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Home > News > PTI

University of Washington takes up study on Ayurveda

Sangeetha G in Chennai | March 05, 2007 10:25 IST

Inspired by a "discarded" 20-year-old World Health Organisation-funded study which proved the efficacy of Ayurveda in treatment of rheumatoid arthritis, the University of Washington has taken up a similar project in association with the Ayurvedic Trust in Coimbatore.

The University's National Institute of Health-sponsored study 'Ayurvedic and Allopathic Treatment of Rheumatoid Arthritis' at Coimbatore in Tamil Nadu is expected to be over by the end of this year, Dr Krishna Kumar, managing director of the trust, told PTI.

The eight-member Indian team of Ayurvedic and Allopathic doctors is headed by Dr Ram Manohar of the trust and the six-member US team is led by Dr Daniel E Furst of the University of Los Angeles.

In the NIH study, which seeks to ascertain the effectiveness of combining Ayurvedic and Allopathic streams of medicine in the treatment of rheumatoid arthritis, 45 patients are treated for 36 weeks each, added Krishna Kumar.

"We were able to gain approval from the University of Washington's very stringent Institutional Review Board for this pilot study, on the basis of the findings of the earlier WHO study," he said.

According to Dr Mano Venkataraman of University of Washington, the programme director of the present study, "The encouraging results of the WHO study provided the inspiration, preliminary data, and the foundation upon which we could base the rationale for our NIH grant proposal."

The WHO study was the first of its kind on a traditional medical system ever to be sponsored by the international organisation.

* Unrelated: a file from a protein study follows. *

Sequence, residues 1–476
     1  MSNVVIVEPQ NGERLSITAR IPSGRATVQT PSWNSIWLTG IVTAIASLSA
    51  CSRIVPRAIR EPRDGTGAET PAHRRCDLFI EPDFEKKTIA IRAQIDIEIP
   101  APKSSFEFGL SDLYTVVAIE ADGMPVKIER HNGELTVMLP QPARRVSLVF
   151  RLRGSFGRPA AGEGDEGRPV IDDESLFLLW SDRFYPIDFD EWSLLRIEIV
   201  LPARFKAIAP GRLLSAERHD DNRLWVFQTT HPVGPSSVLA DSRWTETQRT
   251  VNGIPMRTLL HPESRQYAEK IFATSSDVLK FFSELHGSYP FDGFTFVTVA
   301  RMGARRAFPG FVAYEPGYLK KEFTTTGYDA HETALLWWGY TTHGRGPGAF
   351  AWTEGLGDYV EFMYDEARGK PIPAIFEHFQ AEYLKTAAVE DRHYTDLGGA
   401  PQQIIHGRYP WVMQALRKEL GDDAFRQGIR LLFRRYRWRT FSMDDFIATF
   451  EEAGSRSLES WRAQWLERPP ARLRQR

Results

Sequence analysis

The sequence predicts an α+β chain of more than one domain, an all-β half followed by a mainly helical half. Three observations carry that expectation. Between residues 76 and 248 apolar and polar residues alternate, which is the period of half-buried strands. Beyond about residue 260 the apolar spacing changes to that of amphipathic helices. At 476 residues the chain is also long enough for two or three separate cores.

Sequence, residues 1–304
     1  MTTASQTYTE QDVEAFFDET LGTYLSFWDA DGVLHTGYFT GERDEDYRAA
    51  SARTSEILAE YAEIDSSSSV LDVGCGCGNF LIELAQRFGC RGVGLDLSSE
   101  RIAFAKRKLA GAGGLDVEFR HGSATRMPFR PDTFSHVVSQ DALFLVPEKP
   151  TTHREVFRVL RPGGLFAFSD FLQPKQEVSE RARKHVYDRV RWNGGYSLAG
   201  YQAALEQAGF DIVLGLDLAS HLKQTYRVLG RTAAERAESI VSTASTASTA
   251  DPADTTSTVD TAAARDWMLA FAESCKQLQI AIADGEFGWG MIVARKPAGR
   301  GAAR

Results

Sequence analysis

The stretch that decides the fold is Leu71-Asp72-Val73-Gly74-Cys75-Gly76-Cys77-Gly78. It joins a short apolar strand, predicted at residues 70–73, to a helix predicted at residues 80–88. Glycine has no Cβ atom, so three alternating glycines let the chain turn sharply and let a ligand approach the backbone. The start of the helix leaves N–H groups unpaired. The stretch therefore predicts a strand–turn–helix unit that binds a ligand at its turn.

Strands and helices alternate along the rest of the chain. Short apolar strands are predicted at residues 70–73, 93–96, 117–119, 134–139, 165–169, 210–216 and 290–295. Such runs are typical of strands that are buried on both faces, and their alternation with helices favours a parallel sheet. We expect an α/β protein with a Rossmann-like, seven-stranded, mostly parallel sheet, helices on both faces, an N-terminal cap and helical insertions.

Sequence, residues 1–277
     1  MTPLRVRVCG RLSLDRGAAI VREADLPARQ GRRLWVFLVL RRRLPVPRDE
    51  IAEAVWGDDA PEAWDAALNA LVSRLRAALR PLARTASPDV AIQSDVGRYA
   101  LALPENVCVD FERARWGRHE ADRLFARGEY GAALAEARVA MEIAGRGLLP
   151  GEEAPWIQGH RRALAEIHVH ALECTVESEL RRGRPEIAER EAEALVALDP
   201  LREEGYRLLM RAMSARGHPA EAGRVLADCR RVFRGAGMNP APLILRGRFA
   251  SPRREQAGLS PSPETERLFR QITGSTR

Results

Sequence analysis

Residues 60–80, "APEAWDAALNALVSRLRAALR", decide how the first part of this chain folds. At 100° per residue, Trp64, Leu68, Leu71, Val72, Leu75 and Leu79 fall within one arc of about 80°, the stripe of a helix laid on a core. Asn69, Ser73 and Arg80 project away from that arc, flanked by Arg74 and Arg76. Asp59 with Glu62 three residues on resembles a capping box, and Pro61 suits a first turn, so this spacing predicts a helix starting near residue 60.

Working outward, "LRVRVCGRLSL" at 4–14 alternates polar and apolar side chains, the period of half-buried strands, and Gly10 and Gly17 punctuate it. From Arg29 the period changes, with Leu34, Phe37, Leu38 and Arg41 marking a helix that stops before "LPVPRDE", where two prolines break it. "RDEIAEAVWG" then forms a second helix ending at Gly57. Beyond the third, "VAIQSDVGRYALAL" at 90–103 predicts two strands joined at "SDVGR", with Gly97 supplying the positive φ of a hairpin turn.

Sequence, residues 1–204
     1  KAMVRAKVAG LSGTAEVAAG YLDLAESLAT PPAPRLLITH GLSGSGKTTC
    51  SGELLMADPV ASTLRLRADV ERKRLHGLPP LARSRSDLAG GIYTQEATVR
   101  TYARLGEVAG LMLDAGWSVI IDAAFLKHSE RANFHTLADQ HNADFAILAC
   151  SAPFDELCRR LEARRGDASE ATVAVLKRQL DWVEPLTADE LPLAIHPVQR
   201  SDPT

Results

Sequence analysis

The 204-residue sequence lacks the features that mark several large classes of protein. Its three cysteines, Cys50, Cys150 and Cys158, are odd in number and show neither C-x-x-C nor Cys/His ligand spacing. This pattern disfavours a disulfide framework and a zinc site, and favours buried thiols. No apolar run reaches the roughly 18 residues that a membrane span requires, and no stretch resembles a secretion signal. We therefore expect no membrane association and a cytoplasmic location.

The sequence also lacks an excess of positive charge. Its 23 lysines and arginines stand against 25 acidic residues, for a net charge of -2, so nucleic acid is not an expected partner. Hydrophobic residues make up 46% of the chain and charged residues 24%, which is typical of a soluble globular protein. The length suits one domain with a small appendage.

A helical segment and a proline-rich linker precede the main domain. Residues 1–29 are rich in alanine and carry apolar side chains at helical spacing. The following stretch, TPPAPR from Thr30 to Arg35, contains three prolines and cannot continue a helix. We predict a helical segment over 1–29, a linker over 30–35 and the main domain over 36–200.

It enrolled 240 patients with rheumatoid arthritis from 1977 to 1984, added Krishna Kumar. 

The WHO study had an allopathic panel -- comprising leading doctors from the All India Institute of Medical Sciences, New Delhi, Post Graduate Institute of Medical Education and Research, Chandigarh, and Madras Medical College, Chennai -- which diagnosed and chose the subjects for the study and also supervised the progress.

The Indian Council for Medical Research was involved in the evaluation of the study.

According to S Radhakrishna, retired director of the ICMR institute in Chennai, statistically significant and clinically-substantial improvements were seen in signs and symptoms in most patients.

Physicians noted reduction of swelling within the first month, and 80 per cent of the subjects reported relief from pain.

In general, subjects evaluated their condition at discharge more favourably than did the allopathic physicians, said Dr C Madhusoodanan, who was a member of late Dr K S Varier-led treatment panel.

The Ayurvedic team felt that the treatment had been effective without any harmful side effects. Even though a large proportion of patients were in advanced stages of RA, they improved significantly.

But the Allopathic panel felt that since there was no control group, the possiblity cannot be ruled out that the improvement in the condition of the patients was a matter of chance, said Radhakrishna.

The WHO study was virtually dumped even without publishing the findings, said Dr Madhusoodanan.

Retd director general of ICMR G V Sathyavathi also felt that further studies should have been conducted to identify the effective drugs in the Ayurvedic package as the treatment was "quite effective" in the first two stages of the ailment.

Venkataraman, during one of her visits to the trust, found the discarded study papers.

"I was greatly impressed and fascinated by the quality of the work and the huge amount of effort that had gone into the longitudinal study. It is such a pity that the results of this study were not published," she said.

It was upon her initiative that the project report for the NIH pilot study was prepared, said Krishna Kumar.

Venkataraman said the collaboration with the trust will continue to build up this line of research after the pilot study, which started in April 2005. This study will pave the way for researches on other ailments as well.

Internationally, after the NIH study, there will be more understanding about and interest in Ayurveda. Having Dr Furst involved in this research programme will lend greater credibility to Ayurveda at a global level, she said.



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